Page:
The right place to begin is with the knowledge that you can heal. No matter what you experience in this life, it is possible to come back to a place of safety and wholeness. At Mindlight, we have seen people recover from the traumas of war, sexual violation, adverse childhood events, religious and racial discrimination, and emotional and physical abuse. You can heal, too.
That is because we have a foundational relationship with life that cannot be broken. We are made for this world. We are made for life. This isn’t a spiritual ideal; it is biological. Like all living things, we are made of well-being. For these reasons, humans are wildly resilient.
Healing comes from our inherent knowledge that we are safe in our bodies, our needs will be met, and the universe ultimately will provide for us. It is OK if right now you are having trouble imagining that you can feel safe or you are not believing that healing is achievable for you. Possibility lies in the understanding of what trauma does to the body and what it needs to recover.
What is Trauma?
Trauma occurs when the body’s nervous system becomes so overwhelmed that creates a wall to protect itself from the fear, pain, or other intensely uncomfortable feelings. This internal separation develops so we do not have to live in that overwhelm. The traumatic memory, feeling, or experience gets trapped behind that wall. We may not remember it or be aware of it, but the energy that was created by that event is still alive in the body.
This internal compartmentalizing can make us feel really messed up, broken, and confused. One minute we may feel fine, and the next we are sweating and our heart is pounding. That is because part of our mind is reliving the trauma over and over. The other part is doing its best to move past the experience — by growing up, trying to love again, or getting back on a horse. The strategies we develop to stay away from the power of the internal trauma can keep us locked away from possibility and potential.
Finding Resources to Heal
To heal, we have to find a way to connect with the trauma again without going into overwhelm.
That means that we need to call upon more resources, safety, perspective than we had when we first experienced the trauma. By doing so, we feel supported enough to build a bridge between the scary thing and our innate sense of wellbeing. As our sense of safety expands, we can hold even the scary thing by relating to it.
You can think of this like parenting yourself. There is a part of you that is clear and strong and safe. There also may be a part of you feels scared, small, and trapped. For healing to happen, a relationship between these two parts needs to be created. This relationship creates internal unity.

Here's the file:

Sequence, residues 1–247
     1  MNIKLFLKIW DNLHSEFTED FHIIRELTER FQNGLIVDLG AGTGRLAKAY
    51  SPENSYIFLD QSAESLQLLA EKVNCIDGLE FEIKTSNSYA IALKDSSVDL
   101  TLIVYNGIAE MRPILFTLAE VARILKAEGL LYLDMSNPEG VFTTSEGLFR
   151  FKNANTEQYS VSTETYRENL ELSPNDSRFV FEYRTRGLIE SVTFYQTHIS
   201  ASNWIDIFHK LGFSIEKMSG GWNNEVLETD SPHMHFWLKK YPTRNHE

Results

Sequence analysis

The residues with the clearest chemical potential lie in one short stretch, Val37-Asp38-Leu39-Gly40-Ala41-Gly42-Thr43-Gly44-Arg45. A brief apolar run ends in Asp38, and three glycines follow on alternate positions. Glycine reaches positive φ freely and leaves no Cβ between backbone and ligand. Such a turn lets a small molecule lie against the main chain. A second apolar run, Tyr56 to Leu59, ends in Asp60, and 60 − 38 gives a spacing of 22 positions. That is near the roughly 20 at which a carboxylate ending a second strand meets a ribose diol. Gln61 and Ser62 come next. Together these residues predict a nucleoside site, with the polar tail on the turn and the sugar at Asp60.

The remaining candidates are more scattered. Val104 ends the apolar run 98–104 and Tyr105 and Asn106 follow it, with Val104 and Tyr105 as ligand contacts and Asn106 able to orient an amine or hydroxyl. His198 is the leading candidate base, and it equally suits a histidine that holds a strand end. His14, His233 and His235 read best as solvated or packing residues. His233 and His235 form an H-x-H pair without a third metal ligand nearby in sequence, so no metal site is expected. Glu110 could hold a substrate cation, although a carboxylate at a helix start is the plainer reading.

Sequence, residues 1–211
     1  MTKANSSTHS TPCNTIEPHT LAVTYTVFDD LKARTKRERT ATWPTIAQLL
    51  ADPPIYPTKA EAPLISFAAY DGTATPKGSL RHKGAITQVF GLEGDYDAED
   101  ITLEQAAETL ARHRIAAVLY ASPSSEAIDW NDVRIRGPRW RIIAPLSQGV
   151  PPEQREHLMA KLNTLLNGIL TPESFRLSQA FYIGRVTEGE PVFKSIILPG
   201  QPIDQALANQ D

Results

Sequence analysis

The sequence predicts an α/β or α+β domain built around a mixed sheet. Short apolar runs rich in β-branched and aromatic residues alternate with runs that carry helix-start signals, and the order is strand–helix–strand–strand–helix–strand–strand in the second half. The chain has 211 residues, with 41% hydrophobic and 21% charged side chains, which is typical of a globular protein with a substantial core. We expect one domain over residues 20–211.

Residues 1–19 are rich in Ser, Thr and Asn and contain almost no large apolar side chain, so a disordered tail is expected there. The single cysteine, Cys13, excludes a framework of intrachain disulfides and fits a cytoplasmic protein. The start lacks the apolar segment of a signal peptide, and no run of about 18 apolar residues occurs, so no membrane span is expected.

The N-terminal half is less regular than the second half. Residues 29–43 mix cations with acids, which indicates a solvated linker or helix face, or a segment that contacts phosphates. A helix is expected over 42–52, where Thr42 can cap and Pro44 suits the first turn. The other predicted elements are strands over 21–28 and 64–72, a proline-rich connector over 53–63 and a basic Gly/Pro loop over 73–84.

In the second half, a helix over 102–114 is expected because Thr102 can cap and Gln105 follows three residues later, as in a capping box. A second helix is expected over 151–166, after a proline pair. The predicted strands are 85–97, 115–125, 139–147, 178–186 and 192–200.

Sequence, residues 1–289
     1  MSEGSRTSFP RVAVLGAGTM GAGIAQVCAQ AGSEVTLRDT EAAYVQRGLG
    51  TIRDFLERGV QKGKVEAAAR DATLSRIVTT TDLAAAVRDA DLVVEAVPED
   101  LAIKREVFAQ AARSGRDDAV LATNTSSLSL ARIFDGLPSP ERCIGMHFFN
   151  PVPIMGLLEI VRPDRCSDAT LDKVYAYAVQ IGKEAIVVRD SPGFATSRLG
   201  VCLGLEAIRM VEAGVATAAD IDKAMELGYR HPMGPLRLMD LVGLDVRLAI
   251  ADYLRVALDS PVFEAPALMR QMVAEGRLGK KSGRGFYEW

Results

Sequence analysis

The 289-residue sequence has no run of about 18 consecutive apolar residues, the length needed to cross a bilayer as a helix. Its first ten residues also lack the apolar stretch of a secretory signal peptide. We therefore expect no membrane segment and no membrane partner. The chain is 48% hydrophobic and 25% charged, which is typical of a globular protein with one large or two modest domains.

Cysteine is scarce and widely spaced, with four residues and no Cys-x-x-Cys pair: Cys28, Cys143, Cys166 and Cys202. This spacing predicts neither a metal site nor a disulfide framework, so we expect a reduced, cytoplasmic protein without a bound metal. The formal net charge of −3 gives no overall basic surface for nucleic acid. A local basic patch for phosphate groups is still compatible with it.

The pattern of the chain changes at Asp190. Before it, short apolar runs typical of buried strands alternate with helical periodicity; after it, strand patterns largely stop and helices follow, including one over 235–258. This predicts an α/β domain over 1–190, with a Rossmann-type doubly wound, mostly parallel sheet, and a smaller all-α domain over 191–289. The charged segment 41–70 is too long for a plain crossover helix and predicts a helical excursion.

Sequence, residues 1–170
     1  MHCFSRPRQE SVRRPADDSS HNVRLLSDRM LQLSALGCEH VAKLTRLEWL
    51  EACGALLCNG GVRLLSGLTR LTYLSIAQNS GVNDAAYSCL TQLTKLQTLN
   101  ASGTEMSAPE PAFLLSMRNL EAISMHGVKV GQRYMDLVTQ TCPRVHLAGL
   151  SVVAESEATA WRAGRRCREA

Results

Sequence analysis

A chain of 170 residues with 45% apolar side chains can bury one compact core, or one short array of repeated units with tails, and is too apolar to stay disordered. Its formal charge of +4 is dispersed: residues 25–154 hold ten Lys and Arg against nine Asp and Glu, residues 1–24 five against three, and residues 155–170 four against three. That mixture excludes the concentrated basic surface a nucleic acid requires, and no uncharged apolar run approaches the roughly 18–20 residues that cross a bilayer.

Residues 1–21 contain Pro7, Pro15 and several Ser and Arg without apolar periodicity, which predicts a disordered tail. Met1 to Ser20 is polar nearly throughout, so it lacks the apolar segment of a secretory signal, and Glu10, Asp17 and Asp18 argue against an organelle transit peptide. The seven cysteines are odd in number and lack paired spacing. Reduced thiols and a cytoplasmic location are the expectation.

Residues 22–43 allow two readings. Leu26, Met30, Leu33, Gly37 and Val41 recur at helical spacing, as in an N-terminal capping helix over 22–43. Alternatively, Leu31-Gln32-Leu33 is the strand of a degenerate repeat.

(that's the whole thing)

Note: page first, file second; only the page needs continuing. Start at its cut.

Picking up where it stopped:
The healing process can be a gentle, even enjoyable process. And, it doesn’t have to take that long. Go slow, engage with that inner nurturing parent. Surrender your wounded child to the loving kindness. Remember: Slow is gentle. Gentle is fast.
The Process of Integration
A note on the offering of this process:
Here we are offering a way to guide yourself in the experience of integrating a trauma. Please take care of your well-being. We recommend beginning by reading this in its entirety, and then, if it feels safe and you feel grounded, you can guide your inner world in the experience. If you want to be held in a stronger way, we encourage you to either listen to our Trauma Resolution Audio Course here or seek a practitioner (we can resource you with that here, or, by all means, work with any practitioners who you hold dear) who can be in your well-being with you through this process.
To begin, simply be kind to yourself and breathe deeply. Then, follow these steps:
This is the medicine called integration. The art and care required to do integration work is about managing your pace. You want to be lightly in touch with the emotion around the trauma, but not trying to go all in to relive it. Healing happens when you can hold the trauma in your being, so the wall can fall away. Then the emotions that have been stuck on repeat can finally move through your body.
Trauma often has multiple layers, so this process may need to be repeated for the same topic. Give yourself time in between integration sessions. When you go back to it, try to pick up where you left off. Return to step one, but this time play with adding a few more details or allowing deeper feelings to trickle in. Then go through the steps again.
When you are complete, notice how the topic is no longer as overwhelming. You now house that experience as a resource for greater wisdom, resilience, and compassion for self and others.